Kunming Recreates its Traditional Look

Kunming's modernization began in the 1930s and picked up after the Nationalist government moved west during the Anti-Japanese War and located some of its offices in Kunming. As the city grew the old city walls came down. The last of the old city gates were demolished in 1953.

During the 1990s Kunming underwent rapid modernization in preparation for the city's Expo 99. (See blog post titled 'Down with the Old & Up with the New'). During this time of tearing down, street widening and high-rise construction, the city began to recreate some of its traditional look.

The trend began with the reproduction of two city gates exactly like those demolished in the 1950s. The city has also reproduced a massive gate that was Kunming' main entrance during the Qing Dynasty (1660-1911).

The East Pagoda, one of the city's two ancient pagodas dating from the 800s, survives to the present. The West Pagoda, destroyed four times since its construction, has been rebuilt to match its surviving partner. The drab buildings on the street linking the East and West pagodas were knocked down and replaced with traditional-style shops.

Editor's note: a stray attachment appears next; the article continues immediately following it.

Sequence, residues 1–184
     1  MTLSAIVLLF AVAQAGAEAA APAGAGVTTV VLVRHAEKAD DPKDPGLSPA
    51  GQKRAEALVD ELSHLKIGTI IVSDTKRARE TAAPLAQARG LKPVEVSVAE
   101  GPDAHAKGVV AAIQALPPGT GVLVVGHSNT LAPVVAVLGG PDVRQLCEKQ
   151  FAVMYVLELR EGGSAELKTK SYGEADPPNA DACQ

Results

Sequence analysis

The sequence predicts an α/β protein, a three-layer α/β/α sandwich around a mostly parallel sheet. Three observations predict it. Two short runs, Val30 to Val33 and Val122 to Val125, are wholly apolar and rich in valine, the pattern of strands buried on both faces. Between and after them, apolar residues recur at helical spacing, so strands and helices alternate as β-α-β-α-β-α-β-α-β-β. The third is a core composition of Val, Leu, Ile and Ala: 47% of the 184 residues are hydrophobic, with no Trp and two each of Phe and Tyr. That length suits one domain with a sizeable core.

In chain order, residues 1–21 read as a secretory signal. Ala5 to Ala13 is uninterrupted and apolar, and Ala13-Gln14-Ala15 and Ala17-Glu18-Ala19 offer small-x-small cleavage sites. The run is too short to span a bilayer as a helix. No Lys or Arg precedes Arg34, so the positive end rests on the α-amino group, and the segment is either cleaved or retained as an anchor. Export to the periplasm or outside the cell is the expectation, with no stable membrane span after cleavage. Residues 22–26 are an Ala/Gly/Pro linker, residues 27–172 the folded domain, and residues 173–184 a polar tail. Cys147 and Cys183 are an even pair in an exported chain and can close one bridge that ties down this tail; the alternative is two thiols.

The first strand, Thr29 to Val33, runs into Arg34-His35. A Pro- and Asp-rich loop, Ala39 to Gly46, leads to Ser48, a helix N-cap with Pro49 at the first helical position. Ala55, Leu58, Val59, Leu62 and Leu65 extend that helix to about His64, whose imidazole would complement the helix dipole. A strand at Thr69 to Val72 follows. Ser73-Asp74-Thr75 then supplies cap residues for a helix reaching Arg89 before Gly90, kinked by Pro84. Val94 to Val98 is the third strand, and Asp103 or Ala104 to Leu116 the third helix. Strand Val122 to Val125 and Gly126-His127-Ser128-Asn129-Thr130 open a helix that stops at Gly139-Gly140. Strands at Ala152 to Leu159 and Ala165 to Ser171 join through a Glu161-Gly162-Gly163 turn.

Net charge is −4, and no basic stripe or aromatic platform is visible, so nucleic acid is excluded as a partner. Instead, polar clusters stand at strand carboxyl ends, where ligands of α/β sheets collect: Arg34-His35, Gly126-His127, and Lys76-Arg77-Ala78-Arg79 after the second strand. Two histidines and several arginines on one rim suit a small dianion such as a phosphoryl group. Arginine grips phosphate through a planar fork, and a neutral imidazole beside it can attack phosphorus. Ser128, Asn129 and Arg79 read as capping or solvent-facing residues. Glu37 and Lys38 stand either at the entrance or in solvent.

Near Keats School, where we are studying Chinese, the city has renovated in the classical style the old Taoist Temple and a collection of other venerable buildings in the temple compound.

Before the street was widened it passed under a Tibetan-style chorten. Now a smaller version stands on a pedestrian way between the Taoist Temple and the wide and busy street.

In his book, Yunnan, China South of the Clouds, Jim Goodman wrote 'One might bemoan the passing of so much of Kunming's old town and regard the resurrected architecture as not quite authentic. But so many Chinese cities have all but obliterated their pre-modern look that one should be pleased that Kunming chose to recreate at least part of its heritage, rather than leave it all buried forever beneath the foundations of the shiny new skyscrapers.'

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